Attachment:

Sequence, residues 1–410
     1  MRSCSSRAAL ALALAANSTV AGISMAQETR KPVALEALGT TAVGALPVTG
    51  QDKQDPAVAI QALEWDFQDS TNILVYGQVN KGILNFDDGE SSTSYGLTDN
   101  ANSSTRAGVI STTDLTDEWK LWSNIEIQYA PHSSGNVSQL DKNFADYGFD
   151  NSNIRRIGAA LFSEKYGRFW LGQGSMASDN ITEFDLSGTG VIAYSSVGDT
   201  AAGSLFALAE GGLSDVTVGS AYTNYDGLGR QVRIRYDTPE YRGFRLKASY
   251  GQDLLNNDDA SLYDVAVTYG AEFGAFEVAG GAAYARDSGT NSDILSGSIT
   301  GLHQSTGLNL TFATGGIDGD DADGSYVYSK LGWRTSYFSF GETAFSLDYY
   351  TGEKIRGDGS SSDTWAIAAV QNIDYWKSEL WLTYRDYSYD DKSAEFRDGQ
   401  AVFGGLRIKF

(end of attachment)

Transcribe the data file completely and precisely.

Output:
Sequence, residues 1–410
     1  MRSCSSRAAL ALALAANSTV AGISMAQETR KPVALEALGT TAVGALPVTG
    51  QDKQDPAVAI QALEWDFQDS TNILVYGQVN KGILNFDDGE SSTSYGLTDN
   101  ANSSTRAGVI STTDLTDEWK LWSNIEIQYA PHSSGNVSQL DKNFADYGFD
   151  NSNIRRIGAA LFSEKYGRFW LGQGSMASDN ITEFDLSGTG VIAYSSVGDT
   201  AAGSLFALAE GGLSDVTVGS AYTNYDGLGR QVRIRYDTPE YRGFRLKASY
   251  GQDLLNNDDA SLYDVAVTYG AEFGAFEVAG GAAYARDSGT NSDILSGSIT
   301  GLHQSTGLNL TFATGGIDGD DADGSYVYSK LGWRTSYFSF GETAFSLDYY
   351  TGEKIRGDGS SSDTWAIAAV QNIDYWKSEL WLTYRDYSYD DKSAEFRDGQ
   401  AVFGGLRIKF